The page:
Business on Main: How can the Department of Commerce help small-business owners sell their goods overseas?
Secretary Locke: The majority of U.S. exporters are small- and medium-sized businesses. But what is interesting is most of these businesses just sell their products to one country. We have a lot of resources to help companies sell their products abroad. Business owners should check out www.export.gov, which provides information on all the federal government's export assistance programs. One program that is a jewel, but, quite frankly, we don't publicize enough, is the International Trade Commission's U.S. Commercial Service.Commercial Service officers will actually conduct due diligence on behalf of small businesses and will help line up interviews with potential customers. I've had so many small-business owners come up to me and say that they would not be in business today if it were not for the contacts developed by our Commercial Service offices.
Business on Main: We're talking in mid-September, and there's much discussion in the nation about the president's recent speech on health care. What should small-business owners understand about President Obama's health care plan?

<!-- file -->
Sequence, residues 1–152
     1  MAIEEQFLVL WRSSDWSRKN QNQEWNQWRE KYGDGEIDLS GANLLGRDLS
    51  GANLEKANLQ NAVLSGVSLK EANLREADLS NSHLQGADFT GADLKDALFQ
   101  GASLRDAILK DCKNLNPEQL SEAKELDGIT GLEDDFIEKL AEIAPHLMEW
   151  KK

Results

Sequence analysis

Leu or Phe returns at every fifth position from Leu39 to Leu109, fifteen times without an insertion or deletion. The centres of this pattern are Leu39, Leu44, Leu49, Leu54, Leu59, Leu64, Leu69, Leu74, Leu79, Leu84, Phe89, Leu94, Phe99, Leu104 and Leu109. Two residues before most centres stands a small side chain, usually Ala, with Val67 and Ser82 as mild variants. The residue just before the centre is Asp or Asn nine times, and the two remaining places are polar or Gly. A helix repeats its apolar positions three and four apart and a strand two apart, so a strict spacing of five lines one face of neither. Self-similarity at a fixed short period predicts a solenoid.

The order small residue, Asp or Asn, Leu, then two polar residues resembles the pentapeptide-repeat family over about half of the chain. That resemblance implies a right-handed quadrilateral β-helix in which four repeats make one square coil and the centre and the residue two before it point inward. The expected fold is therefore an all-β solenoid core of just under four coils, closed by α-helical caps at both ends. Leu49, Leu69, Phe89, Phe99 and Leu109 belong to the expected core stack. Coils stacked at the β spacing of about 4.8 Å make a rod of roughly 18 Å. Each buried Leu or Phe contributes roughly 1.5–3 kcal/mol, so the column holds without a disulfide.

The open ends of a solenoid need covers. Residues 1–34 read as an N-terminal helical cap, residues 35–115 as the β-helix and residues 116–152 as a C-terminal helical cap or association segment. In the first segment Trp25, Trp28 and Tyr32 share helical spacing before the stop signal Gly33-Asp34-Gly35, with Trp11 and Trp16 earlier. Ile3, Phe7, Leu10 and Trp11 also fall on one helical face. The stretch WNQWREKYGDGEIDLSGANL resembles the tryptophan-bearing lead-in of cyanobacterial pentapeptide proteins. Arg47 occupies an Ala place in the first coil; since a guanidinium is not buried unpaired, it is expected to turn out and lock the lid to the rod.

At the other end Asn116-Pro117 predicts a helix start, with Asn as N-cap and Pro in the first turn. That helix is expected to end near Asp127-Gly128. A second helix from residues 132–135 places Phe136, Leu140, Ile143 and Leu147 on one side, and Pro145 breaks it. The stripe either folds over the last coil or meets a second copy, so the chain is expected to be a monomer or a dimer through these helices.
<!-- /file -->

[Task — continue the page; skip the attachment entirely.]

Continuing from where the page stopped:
Secretary Locke: The president's health care plan is critical to the survival and competitiveness of small businesses. Right now, small businesses pay as much as 18 percent to 20 percent more in premiums than large companies pay. During the last 10 years, health care costs for employers have doubled, but businesses are not seeing revenue or profit growth in excess of 10 percent a year.
As a result, a lot of small businesses are cutting back or dropping coverage altogether. And those companies that do provide health care coverage for their employees find that they operate at a competitive disadvantage to companies that do not.